Crusading Movement

1536 words 7 pages
The Crusading movement

The Crusades were military expeditions undertaken by Christian Europe between the 11th and the 17th century to recapture the Holy Land from the Muslims. The main crusading movement took place between the 11th and 13th century. The word crusade, which is derived from the Latin "Crux" was adopted by crusaders who adorned themselves with the symbol of Christianity: the cross.1 Crusaders wore a red cross sewn on their tunics to indicate their status as soldiers of Christ.

The causes of the Crusades were many and complex, but prevailing religious beliefs were of major importance. The Crusaders assumed a dual role as pilgrims and warriors. Such an armed pilgrimage was regarded as an acceptable war, because it
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Challenged by St. Bernard of Clairvaux, King Louis VII of France and the German King Conrad III tried to lead separate armies through Anatolia. What remained of them joined in an unsuccessful siege of Damascus. The only success of this Crusade was the capture of Lisbon (1147), Portugal, by English and Frisian Crusaders on their way to the East by ship.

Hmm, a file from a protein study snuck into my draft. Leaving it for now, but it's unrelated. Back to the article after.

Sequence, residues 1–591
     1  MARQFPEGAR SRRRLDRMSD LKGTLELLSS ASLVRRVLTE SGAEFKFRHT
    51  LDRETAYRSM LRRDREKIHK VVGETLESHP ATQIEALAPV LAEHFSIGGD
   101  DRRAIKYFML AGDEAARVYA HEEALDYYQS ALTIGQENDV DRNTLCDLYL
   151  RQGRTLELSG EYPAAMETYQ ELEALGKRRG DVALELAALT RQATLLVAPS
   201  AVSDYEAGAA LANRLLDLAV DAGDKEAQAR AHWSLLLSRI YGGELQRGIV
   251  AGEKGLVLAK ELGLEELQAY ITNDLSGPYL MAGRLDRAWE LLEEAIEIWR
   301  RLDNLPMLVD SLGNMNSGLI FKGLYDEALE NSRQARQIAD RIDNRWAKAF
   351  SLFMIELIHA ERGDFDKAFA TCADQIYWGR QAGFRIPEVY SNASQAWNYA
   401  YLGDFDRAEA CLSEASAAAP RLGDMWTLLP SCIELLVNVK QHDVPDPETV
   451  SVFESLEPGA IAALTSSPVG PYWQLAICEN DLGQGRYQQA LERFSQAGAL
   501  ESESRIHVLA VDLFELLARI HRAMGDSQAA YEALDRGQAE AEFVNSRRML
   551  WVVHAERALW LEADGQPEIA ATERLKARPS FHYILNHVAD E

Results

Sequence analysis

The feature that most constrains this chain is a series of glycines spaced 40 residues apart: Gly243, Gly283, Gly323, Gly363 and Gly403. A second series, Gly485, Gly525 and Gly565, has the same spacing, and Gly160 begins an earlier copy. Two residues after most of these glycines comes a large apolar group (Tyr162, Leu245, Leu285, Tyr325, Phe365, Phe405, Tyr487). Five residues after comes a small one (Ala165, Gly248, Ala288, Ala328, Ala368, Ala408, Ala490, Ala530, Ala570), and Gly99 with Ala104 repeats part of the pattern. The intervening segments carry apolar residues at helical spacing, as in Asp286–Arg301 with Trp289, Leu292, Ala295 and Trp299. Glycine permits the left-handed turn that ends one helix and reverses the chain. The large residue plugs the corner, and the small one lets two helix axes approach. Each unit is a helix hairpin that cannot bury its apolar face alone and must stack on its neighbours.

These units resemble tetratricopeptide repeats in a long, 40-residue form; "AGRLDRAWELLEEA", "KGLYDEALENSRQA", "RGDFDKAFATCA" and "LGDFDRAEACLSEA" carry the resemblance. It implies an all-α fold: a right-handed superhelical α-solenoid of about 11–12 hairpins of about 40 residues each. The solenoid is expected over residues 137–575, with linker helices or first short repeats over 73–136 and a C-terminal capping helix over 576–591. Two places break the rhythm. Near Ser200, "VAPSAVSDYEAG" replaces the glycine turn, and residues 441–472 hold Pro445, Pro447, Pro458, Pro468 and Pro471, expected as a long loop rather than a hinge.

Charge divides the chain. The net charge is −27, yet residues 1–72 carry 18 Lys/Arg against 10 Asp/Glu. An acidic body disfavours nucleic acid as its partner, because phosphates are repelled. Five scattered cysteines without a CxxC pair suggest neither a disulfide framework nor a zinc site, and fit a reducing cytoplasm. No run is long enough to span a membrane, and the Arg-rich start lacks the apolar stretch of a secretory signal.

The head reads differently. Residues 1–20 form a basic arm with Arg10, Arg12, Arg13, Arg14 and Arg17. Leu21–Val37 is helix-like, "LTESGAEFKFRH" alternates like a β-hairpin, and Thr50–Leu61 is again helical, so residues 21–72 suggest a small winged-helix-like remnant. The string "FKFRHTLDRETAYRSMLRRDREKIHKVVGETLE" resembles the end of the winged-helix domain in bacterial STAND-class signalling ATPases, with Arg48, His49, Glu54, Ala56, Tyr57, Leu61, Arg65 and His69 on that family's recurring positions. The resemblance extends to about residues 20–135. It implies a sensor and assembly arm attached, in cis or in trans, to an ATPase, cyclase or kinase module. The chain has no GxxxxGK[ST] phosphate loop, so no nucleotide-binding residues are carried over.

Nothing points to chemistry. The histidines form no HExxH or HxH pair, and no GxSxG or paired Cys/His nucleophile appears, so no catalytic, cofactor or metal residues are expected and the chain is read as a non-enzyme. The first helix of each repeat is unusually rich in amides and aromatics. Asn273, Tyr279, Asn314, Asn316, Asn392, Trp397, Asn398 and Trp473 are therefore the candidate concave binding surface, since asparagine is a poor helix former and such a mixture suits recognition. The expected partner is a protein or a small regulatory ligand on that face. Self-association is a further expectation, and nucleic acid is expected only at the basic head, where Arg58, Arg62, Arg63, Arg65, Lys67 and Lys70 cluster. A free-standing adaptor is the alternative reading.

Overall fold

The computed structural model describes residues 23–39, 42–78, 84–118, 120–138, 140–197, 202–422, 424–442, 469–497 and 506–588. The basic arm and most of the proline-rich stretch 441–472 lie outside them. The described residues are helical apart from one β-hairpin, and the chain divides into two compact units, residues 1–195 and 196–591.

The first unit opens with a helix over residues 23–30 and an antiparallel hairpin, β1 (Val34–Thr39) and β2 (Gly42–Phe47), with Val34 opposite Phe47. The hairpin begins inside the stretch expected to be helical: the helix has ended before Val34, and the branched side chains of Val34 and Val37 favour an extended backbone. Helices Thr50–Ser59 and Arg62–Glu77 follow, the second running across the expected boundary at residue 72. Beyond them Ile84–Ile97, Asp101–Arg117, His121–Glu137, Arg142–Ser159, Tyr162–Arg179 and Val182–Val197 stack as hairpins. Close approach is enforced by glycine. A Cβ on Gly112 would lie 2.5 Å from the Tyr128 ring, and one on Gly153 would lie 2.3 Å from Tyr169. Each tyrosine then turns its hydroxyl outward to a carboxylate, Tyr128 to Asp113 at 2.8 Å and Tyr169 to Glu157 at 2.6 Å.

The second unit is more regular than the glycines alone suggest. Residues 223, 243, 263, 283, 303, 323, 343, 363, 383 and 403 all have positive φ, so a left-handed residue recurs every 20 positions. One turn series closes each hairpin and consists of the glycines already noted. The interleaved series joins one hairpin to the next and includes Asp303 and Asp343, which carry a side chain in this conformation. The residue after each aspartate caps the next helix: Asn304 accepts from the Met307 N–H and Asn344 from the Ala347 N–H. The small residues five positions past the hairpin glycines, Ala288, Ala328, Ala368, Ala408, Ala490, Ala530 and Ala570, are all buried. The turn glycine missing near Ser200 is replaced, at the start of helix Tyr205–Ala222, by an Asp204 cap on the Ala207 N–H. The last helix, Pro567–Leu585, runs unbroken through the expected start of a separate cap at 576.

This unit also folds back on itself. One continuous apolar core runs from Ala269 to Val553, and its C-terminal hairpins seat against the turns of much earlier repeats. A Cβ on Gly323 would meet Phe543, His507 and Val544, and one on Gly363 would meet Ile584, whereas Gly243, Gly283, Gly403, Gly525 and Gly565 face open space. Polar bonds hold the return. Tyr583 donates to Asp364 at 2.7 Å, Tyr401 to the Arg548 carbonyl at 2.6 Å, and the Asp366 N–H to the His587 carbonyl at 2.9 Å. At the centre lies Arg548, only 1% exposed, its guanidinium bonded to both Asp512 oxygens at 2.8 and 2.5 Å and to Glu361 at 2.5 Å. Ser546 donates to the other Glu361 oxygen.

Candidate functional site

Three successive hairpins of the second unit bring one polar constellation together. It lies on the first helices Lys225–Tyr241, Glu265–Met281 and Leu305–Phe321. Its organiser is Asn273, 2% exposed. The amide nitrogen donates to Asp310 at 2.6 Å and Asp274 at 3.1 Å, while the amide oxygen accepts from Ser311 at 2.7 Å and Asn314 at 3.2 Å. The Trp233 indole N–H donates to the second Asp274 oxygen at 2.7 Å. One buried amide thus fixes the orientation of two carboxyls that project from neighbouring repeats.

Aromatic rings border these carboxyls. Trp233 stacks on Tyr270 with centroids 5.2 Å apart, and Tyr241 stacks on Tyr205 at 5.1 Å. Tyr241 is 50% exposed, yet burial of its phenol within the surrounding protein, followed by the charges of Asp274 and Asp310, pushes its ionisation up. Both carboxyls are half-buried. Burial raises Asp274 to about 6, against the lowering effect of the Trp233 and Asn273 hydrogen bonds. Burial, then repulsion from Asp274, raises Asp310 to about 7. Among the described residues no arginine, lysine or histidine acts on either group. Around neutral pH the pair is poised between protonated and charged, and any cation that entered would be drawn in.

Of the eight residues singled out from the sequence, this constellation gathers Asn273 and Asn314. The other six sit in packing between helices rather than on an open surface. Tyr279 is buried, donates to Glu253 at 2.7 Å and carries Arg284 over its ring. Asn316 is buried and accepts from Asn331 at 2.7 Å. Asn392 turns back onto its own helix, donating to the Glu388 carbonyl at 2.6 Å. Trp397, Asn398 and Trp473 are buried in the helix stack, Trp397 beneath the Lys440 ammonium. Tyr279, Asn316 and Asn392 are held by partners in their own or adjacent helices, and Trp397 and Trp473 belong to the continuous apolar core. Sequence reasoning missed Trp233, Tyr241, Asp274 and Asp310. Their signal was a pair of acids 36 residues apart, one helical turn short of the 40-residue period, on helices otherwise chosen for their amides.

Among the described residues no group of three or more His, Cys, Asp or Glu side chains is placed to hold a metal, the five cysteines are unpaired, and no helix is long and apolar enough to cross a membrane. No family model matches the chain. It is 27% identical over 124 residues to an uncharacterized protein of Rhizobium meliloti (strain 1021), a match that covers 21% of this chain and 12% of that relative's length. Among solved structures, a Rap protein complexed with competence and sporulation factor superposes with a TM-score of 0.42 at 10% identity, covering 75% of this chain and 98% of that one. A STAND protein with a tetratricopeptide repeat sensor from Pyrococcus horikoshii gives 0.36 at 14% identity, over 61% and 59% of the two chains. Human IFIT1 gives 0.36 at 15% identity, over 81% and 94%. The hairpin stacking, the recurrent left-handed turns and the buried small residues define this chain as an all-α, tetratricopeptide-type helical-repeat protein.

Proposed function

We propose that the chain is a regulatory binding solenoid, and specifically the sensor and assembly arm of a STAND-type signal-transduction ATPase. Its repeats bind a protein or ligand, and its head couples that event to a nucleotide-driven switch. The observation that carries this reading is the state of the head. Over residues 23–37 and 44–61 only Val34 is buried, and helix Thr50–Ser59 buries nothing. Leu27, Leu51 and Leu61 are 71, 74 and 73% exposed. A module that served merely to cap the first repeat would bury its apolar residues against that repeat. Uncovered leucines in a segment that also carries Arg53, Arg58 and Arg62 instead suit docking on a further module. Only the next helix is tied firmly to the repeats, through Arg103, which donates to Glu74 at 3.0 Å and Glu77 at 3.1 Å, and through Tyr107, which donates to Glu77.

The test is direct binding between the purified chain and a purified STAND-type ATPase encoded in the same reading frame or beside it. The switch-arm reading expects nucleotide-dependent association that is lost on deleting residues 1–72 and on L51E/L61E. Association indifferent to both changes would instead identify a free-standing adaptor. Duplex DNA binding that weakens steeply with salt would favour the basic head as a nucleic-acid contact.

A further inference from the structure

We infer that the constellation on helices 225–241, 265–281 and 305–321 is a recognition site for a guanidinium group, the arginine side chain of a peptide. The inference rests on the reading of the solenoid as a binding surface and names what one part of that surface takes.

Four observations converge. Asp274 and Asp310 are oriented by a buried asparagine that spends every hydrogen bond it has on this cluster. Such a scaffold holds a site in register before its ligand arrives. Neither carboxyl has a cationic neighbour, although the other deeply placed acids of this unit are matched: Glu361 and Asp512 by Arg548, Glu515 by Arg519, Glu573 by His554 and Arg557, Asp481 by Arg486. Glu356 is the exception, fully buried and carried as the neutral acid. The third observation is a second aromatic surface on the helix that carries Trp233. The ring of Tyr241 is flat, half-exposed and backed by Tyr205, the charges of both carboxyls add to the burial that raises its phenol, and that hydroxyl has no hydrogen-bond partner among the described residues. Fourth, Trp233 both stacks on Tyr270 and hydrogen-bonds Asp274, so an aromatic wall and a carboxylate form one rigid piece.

The Third Crusade was a response to the conquest (1187) of almost all of Palestine, including Jerusalem, by Sultan Saladin, who had consolidated Muslim power in Mesopotamia, Syria, and Egypt. The Crusade's remarkable leadership included King Philip II of France, Holy Roman Emperor Frederick I, and King Richard I of England. "Frederick, however, drowned en route in Cilicia, and the Crusading effort disintegrated through attrition and lack of cooperation."3 Acre was recaptured (1191), but Philip returned to France soon after. Jaffa was secured, mainly through the initiative of Richard, who also occupied Cyprus.
Pope Innocent III attempted to reorganize the Crusading efforts under papal supervision. But lack of funds to pay for the passage of the 10,000 Crusaders in Venice forced a diversion of the mostly French army. At the request of the Venetians, the Crusaders first attacked the Christian city of Zara, in Dalmatia. Then they sailed on to lay siege to Constantinople. The Byzantine capital fell on Apr. 13, 1204; it was looted--particularly for its treasures of relics--and

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